Disproportionality refers to a group’s representation in a particular category that exceeds expectations for that group or differs substantially from the representation of others in that category.
Whether through unconscious bias or simply a lack of awareness, some policies or practices in our schools might disproportionately harm or favor certain groups of students over others. For instance, in a school setting, there might be certain ethnic or socio-economic groups that are disciplined more frequently than their peers or are referred for special education services more frequently.
Analyzing student data can help reveal these disparities, allowing leaders to create more equitable opportunities for all students. With the right mindset, foundation, and data visualizations, administrations can support their teams in identifying where areas of disproportionality may exist so that action can be taken.
Establishing a growth mindset
First, it’s important to note that this work should not be an exercise in blaming or shaming teachers or administrators. The goal of examining this information is to understand where teams can adjust their practices so that all students are supported and regarded equally. It’s all about growing and improving together to support all learners effectively: using data to help focus attention and elicit change in the right places. Before looking at data, it’s important to create norms that help create a safe place for educators to examine the practices happening in their schools.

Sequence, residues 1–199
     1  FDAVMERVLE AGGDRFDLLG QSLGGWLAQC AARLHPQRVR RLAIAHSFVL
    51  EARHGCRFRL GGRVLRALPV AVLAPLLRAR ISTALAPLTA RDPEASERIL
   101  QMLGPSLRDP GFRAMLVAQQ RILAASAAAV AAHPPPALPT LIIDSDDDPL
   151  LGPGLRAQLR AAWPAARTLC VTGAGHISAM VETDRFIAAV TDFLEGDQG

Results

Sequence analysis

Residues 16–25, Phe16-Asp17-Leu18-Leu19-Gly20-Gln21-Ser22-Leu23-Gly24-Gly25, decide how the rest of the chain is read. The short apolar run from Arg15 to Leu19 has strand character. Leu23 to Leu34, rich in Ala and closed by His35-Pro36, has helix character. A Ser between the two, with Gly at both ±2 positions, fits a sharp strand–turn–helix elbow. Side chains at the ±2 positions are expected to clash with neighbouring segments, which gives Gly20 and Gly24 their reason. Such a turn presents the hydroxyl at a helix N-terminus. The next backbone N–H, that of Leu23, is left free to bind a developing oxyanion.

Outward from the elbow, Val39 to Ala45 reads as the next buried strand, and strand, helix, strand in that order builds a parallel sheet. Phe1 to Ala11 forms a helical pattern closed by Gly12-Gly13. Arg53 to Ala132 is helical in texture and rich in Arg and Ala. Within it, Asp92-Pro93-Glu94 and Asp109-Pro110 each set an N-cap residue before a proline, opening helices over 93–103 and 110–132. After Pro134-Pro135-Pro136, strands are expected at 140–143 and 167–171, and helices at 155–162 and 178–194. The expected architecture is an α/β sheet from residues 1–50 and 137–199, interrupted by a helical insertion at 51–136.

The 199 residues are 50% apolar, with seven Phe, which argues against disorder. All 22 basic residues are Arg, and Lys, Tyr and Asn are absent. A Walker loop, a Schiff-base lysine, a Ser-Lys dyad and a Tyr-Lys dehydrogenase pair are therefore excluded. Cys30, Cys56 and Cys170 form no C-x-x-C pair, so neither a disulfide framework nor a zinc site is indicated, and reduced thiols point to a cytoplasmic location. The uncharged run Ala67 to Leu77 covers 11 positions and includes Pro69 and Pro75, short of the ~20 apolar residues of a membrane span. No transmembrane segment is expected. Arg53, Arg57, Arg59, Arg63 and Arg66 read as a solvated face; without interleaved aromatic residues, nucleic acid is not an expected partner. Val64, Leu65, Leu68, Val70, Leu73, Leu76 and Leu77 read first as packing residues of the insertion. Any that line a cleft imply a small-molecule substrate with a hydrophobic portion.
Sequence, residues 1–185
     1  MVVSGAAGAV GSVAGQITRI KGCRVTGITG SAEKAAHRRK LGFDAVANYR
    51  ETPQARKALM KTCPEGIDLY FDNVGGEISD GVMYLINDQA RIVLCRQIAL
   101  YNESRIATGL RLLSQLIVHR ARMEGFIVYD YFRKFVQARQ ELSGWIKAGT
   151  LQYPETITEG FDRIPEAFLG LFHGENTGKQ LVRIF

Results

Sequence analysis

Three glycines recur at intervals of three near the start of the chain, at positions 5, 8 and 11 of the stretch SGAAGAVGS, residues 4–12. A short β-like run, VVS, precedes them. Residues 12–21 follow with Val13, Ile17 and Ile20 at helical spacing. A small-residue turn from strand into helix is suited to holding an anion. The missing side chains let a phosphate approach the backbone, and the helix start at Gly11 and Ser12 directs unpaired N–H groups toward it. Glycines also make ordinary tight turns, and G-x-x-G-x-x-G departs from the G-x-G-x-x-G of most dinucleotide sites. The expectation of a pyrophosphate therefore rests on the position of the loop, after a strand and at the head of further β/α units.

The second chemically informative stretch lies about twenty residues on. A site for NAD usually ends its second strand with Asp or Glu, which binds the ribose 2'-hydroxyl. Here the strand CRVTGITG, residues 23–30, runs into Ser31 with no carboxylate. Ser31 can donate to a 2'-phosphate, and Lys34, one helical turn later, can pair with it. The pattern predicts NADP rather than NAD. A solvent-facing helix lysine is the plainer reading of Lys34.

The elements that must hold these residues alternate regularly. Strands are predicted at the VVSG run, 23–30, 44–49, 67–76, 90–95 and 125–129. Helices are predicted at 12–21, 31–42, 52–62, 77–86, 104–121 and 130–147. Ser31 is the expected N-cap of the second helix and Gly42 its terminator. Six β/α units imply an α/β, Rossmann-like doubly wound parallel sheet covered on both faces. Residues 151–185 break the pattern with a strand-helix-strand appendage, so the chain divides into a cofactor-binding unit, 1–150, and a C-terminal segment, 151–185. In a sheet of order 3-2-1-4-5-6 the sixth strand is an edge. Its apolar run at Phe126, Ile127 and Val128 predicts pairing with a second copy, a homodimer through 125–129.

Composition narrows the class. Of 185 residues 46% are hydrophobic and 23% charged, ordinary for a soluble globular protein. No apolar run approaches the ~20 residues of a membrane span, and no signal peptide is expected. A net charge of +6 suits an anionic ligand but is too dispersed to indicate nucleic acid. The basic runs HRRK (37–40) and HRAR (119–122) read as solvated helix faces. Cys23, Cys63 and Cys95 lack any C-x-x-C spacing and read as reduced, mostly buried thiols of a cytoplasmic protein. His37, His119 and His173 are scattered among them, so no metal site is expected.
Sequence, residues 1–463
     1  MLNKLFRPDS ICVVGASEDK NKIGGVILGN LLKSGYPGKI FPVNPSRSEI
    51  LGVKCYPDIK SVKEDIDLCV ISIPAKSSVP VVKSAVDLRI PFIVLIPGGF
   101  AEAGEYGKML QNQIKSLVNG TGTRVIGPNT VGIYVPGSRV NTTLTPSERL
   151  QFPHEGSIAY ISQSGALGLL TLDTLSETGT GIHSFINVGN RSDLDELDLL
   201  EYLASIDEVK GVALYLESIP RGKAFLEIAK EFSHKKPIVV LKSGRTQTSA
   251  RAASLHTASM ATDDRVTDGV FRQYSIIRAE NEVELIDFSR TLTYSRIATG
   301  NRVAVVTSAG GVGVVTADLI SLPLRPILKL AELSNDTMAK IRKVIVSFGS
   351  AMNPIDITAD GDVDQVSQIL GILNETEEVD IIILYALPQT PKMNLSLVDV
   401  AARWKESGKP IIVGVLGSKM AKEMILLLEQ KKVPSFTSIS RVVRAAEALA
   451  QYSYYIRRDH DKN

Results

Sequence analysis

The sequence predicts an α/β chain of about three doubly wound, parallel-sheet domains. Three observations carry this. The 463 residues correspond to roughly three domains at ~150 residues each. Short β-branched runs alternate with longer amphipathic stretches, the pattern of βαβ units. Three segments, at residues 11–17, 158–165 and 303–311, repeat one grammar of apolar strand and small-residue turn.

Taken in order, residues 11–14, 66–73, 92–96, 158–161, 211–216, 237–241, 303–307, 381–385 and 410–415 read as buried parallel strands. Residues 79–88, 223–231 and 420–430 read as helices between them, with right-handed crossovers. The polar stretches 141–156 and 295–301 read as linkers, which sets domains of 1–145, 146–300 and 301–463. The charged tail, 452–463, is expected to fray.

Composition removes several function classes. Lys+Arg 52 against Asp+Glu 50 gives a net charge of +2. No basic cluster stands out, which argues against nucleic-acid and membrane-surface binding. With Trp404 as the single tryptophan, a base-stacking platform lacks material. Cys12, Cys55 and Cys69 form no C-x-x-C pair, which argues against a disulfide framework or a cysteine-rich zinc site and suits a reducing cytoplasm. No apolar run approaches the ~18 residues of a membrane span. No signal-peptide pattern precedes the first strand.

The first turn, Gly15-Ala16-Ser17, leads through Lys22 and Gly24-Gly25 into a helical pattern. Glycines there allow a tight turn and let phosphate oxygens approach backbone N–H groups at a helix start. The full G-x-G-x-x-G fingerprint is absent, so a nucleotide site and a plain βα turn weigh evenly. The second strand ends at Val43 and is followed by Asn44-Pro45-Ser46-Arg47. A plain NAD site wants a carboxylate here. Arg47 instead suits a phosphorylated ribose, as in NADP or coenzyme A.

Avoiding pitfalls and creating a foundation for success
It is critical that districts adopt clear policies that support nondiscriminatory practices in their schools.
A document created by the Midwest & Plains Equity Assistance Center, “Preventing Disproportionality through Nondiscriminatory Tiered Services,” is a helpful resource on this topic. It includes a section called “Disproportionality Requirements: Common Pitfalls and Recommended Actions,” which suggests policies and procedures to ensure equity in schools. For instance:
- Make sure that minority students aren’t treated differently than white students with similar performance or behavior.
- Use research-based assessments and interventions to avoid unconscious bias.
- Monitor referral, intervention and assessment practices to make sure they’re applied equitably and are effective.
These practices shouldn’t be limited only to schools with diverse student populations. Even if you have just one student in your building who is a different ethnicity than the others, it’s important to ensure that student is being treated fairly.
Using data visualizations to identify disproportionality in schools
K-12 leaders can use data visualization tools, such as Illuminate Education’s Achievement Dashboard, to identify disproportionalities within student data and create an action plan to address these gaps. Here are some tips to get you started building your own dashboard.
Start by asking who your students are. Knowing this information creates a baseline for identifying patterns and disproportionate results down the road. Consider creating a visualization showing student numbers and percentages by ethnicity, gender, socio-economic status, disability code, learning modality, and other important student groupings for your district.